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Burnout and Vocation

Burnout and Vocation January 13, 2022

 

Dealing with the COVID epidemic has been taking a toll on nurses and other health care professionals.  The overtime shifts, the staffing shortages, the triage of patients, the grief at losing so many, exasperation with the healthcare establishment, and firings due to the vaccine mandate are leaving frontline medical workers frustrated, exhausted, and emotionally drained.

It has gotten so bad that two-thirds of America’s nurses say that the COVID epidemic has made them consider leaving their profession.

So reports The Wall Street Journal in an article on burnout among nurses that turns into a reflection on vocation. Rachel Feintzeig has written the feature story When You’re Burned Out at Your Job, But It’s Also Your Calling , with the deck “Overworked nurses are considering less intense and remote jobs due to Covid-19, but stepping away is hard when you’ve dedicated your life to caring for others.”

The term “calling,” along with the Latinate form “vocation,” of course, has become commonplace even in secular circles.  But it derives from the Christian doctrine of vocation, a preoccupation of my recent writing (see  the links below) and of this blog.
Though the Wall Street Journal doesn’t discuss “calling” in terms of the One who calls us to love and serve our neighbors in all of our stations in life into which He has brought us, it raises some important issues that are worth thinking through theologically.
The problem of burning out in one’s calling is not, of course, limited to nurses.  Nor is vocation limited to our economic callings, what we do to make a living.  We also have callings in our families (as spouses, parents, and children), in the church (as pastors, other church workers, and laypeople), and in the state (as citizens, officials, voters, etc.).  We can burnout in our work and we can burn out in those vocations, as well.

In the course of her discussion of the plight of nurses, Feintzeig says,

In recent months, as I’ve written about burnout, I’ve heard from overwhelmed teachers and social workers who say they too struggle with toxic bosses and unsustainable workloads, but wrestle with the guilt of abandoning people they pledged to help.

The question they face: How to leave a job that feels like a calling?

“When you do really feel called to your profession it becomes intertwined with your identity,” says Delaney Barsamian, a 31-year-old in the Bay Area who left her emergency-room nursing role last year for a remote job helping patients make end-of-life plans. “It was almost like a breakup. I was in love with emergency medicine.”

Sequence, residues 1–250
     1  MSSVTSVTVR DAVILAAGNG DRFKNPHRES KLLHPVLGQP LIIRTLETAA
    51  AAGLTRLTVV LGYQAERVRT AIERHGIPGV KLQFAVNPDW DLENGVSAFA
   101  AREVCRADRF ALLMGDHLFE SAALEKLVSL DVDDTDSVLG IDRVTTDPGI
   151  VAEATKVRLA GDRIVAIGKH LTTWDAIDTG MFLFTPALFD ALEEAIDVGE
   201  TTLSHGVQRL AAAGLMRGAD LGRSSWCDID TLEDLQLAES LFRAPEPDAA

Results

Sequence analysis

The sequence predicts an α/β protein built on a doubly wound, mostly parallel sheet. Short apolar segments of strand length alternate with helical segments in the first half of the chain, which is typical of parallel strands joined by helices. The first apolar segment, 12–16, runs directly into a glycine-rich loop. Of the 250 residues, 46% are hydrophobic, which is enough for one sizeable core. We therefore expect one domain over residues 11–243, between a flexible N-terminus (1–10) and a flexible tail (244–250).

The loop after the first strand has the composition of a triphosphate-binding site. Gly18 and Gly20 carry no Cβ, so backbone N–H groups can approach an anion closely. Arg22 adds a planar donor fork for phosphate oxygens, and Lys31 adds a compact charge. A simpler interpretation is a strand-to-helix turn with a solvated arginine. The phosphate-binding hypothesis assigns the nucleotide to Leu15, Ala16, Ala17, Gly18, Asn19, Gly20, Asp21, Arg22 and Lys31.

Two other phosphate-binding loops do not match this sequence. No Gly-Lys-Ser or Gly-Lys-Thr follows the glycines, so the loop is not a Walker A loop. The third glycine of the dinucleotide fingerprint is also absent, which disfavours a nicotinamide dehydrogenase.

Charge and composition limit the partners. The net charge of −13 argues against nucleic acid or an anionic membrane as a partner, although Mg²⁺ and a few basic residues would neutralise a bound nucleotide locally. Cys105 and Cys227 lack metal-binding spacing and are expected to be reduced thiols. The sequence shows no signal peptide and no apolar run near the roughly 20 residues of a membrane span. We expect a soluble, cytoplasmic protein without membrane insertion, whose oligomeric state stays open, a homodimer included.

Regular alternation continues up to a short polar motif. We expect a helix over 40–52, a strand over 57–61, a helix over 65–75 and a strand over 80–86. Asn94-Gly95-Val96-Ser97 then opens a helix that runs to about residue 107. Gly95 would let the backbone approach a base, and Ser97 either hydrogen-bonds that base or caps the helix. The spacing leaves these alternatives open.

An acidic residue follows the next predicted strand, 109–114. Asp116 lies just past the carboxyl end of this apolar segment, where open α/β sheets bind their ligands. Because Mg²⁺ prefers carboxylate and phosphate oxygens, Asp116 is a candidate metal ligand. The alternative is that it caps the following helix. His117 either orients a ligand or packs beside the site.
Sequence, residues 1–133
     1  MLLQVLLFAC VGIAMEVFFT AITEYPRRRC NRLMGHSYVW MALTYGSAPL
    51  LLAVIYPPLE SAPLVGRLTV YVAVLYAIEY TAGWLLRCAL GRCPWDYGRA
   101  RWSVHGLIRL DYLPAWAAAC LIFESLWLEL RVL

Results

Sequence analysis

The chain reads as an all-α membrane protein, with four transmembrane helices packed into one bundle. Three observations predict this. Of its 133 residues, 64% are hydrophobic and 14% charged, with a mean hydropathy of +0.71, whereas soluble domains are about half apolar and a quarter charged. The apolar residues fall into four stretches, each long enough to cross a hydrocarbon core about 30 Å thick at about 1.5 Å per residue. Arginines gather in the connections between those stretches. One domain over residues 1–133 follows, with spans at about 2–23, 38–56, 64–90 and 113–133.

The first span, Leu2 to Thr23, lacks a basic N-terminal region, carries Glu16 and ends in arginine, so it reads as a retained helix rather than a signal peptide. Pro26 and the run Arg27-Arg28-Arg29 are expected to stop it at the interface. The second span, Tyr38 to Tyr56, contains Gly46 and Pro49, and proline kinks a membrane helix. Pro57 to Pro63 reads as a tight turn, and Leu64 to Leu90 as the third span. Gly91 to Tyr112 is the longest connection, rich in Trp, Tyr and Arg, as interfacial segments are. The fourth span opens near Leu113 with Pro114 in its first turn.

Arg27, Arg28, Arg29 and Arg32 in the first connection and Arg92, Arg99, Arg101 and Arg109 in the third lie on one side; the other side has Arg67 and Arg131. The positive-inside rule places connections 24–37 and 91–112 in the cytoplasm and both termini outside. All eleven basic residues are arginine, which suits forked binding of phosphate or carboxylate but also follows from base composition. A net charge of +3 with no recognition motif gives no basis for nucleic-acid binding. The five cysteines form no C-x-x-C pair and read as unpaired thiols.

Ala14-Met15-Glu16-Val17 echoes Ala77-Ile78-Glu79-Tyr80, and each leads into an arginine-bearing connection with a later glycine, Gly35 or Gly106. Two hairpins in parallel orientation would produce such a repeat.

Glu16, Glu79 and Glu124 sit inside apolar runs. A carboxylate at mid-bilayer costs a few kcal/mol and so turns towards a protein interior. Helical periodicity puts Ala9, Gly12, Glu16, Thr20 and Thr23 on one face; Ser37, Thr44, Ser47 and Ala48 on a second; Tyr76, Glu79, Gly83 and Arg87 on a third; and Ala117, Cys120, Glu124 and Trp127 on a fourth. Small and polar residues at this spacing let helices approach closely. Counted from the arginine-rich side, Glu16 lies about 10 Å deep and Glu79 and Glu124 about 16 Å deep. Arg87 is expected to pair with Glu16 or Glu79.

Of course, all callings have as their purpose, in different ways, to help people.  And the constellation of our multiple callings, given to us uniquely and personally, constitutes our identity.  So frustrations with our callings and leaving our callings can be traumatic.  The article gives a useful term for why that can happen:

“Nurses are so angry,” she says. “I’m seeing and hearing this incredible sense of malaise and hopelessness.”

The feeling that pushes many to leave is one of not being able to do the job they signed up for, not being able to care for patients the way they believe they should. The technical term is “moral distress.”

“You’re put in a situation where what you’re asked to do defies your sense of values and ethics,” Dr. Brown says. “It’s like a creeping eating into your moral consciousness.”

“Moral distress”!  Not being able to do the tasks you were called to do!  Or being put in the position of doing something wrong.  Nurses experience “moral distress” when they encounter obstacles to their work, which creates a moral frustration, not being able to do what is right.

This applies also to other callings, such as teachers not being allowed to teach, police officers not being allowed to enforce the law, soldiers not allowed to pursue victory–to mention other vocations whose morale is currently low–and also to business owners who feel thwarted in trying to provide their goods and services,  farmers whose crops can’t get to market, factory workers who get laid off, and on and on.